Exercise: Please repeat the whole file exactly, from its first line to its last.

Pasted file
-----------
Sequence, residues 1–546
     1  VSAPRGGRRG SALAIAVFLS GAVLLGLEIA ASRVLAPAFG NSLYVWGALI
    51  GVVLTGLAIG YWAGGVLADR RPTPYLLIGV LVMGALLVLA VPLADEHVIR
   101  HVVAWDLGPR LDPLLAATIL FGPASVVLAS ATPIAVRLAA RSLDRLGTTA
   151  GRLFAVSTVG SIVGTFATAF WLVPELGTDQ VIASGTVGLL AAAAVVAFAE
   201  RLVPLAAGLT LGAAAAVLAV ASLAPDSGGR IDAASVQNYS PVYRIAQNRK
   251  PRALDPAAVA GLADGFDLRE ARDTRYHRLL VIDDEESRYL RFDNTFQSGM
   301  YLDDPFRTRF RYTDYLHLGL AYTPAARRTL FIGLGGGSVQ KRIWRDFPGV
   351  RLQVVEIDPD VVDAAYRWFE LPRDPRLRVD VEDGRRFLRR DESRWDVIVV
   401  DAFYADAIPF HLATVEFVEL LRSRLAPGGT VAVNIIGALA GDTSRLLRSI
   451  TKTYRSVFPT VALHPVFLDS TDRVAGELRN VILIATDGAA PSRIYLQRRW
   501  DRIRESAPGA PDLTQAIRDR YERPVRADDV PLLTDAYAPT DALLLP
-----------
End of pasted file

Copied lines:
Sequence, residues 1–546
     1  VSAPRGGRRG SALAIAVFLS GAVLLGLEIA ASRVLAPAFG NSLYVWGALI
    51  GVVLTGLAIG YWAGGVLADR RPTPYLLIGV LVMGALLVLA VPLADEHVIR
   101  HVVAWDLGPR LDPLLAATIL FGPASVVLAS ATPIAVRLAA RSLDRLGTTA
   151  GRLFAVSTVG SIVGTFATAF WLVPELGTDQ VIASGTVGLL AAAAVVAFAE
   201  RLVPLAAGLT LGAAAAVLAV ASLAPDSGGR IDAASVQNYS PVYRIAQNRK
   251  PRALDPAAVA GLADGFDLRE ARDTRYHRLL VIDDEESRYL RFDNTFQSGM
   301  YLDDPFRTRF RYTDYLHLGL AYTPAARRTL FIGLGGGSVQ KRIWRDFPGV
   351  RLQVVEIDPD VVDAAYRWFE LPRDPRLRVD VEDGRRFLRR DESRWDVIVV
   401  DAFYADAIPF HLATVEFVEL LRSRLAPGGT VAVNIIGALA GDTSRLLRSI
   451  TKTYRSVFPT VALHPVFLDS TDRVAGELRN VILIATDGAA PSRIYLQRRW
   501  DRIRESAPGA PDLTQAIRDR YERPVRADDV PLLTDAYAPT DALLLP